VH Award Winner – Summer 2019

“One has a moral responsibility to disobey unjust laws” – Martin Luther King Jr.

Martin Luther King Jr. was one of the founders of arguably the greatest and most influential civil disobedience movement. King and his supporters directly broke laws and disobeyed orders in order to force the powers that be to listen. This being said, many people thought very pejoratively of the Extinction Rebellion protests last month. The protesters brought traffic to a standstill and prevented many people from getting into buildings to work. These were similar techniques used by the civil rights movement in the 1960s. However, Martin Luther King’s civil rights movement or Emmeline Pankhurst’s suffrage movement are widely regarded as vital. So why is civil obedience in some cases appropriate, and in others it is an unnecessary disruption? 

One possible view, although fundamentally flawed, is that in order for civil disobedience to be ‘allowed’ two criteria must be met. Firstly, the disruption must be a last resort. It is probably safe to say that if the goal of the protesters can be reached in a calm way in which no one’s day is disrupted and no acts of civil disobedience are committed, this is preferable. Though, in reality, this is not always possible, sometimes people will only listen when they have to, so they can go about their day normally. The second criteria is whether or not the movement behind the disobedience is a worthwhile cause. However, this is where I believe this argument breaks down. This is because it is impossible to determine who has the right to decide what is a worthwhile cause. Answering ‘the majority’ to this question does not work as often the greatest of causes are fought for by the minority. So, it is clear that it is more or less impossible to determine how worthwhile a cause is and whether it is worthwhile enough to warrant an act of civil disobedience. It is only in hindsight it becomes clearer the importance of a cause. Therefore, any movement which people feel strongly enough about and are failing to get anywhere through less disruptive means, has no option but to commit civil disobedience. As Martin Luther King said it may even be their moral obligation.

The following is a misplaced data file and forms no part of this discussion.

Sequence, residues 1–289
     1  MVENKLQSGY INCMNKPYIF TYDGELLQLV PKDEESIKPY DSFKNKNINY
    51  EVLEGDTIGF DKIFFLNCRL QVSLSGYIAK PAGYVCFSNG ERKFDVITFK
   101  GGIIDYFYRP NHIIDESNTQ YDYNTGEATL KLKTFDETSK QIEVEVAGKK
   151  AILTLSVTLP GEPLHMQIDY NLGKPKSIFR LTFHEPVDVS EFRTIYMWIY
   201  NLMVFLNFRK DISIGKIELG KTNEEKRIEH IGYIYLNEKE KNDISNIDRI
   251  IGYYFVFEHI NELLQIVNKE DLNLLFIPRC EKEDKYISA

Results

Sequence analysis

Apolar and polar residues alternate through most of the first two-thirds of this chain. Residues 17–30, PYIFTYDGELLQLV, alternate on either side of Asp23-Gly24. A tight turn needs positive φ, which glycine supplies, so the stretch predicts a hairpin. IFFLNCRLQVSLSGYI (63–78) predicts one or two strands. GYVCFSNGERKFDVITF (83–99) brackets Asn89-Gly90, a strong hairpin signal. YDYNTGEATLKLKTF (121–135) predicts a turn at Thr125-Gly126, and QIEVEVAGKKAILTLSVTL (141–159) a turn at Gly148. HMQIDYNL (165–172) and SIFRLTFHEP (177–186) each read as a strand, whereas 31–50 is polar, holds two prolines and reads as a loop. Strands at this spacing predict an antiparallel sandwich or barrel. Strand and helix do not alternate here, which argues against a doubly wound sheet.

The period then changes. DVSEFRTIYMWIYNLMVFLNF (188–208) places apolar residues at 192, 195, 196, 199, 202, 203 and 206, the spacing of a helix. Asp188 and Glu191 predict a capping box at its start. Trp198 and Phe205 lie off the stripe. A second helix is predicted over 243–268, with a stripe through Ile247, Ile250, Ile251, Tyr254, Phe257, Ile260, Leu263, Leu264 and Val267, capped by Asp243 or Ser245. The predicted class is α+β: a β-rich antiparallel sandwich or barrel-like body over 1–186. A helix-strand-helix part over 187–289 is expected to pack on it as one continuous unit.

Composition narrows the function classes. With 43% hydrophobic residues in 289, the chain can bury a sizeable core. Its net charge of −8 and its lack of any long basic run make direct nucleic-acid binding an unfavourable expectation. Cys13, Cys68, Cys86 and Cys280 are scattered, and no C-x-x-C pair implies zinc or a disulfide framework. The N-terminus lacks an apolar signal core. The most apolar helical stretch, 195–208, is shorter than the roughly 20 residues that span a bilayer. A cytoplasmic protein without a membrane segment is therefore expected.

Furthermore, not only is it difficult for society to decide appropriate causes, but it is arguably also wrong for us to prevent acts of civil disobedience even when they seem ludicrous. The fundamental rights behind acts of civil disobedience are arguably the most important rights we are entitled to as humans. The United Nations Declaration on Human Rights grants every man, woman and child the right to freedom of speech, the right to freedom of association and the right to freedom of assembly. These fundamental rights not only underpin our democracy and our core values, but they also allow for the concept of protests and civil disobedience to be a right we all possess. To say that civil disobedience should not be done would be the equivalent to silencing people, which cannot be tolerated. The minority must be allowed to protest when they disagree with the status quo. A failure to do this would make our society no better, on principle, than Mao’s China, Stalin’s Russia or Hitler’s Germany. It is therefore clear that some sort of civil disobedience must be right. We have to let people speak their minds in the street, the consequences of failing to do so would be disastrous. 

To conclude, if it is not possible to draw attention to a certain cause through more conventional methods, civil disobedience is arguably always right. People must be granted the right to take to the streets and fight for what they believe in. If no one is physically harmed and limited damage is done, we must allow civil disobedience to not only exist but thrive in our society. It gives the oppressed and the concerned a voice when others won’t listen. To ban it and arrest people would be the same as silencing people, which is against everything our society believes in. Therefore the opinion of many that a cause must be worthwhile to warrant an act of civil disobedience is ludicrous, as what gives someone the right to silence another individual. So, the fact protesters at the Extinction Rebellion protests were arrested potentially undermines the values that our society holds at its core and should never have happened.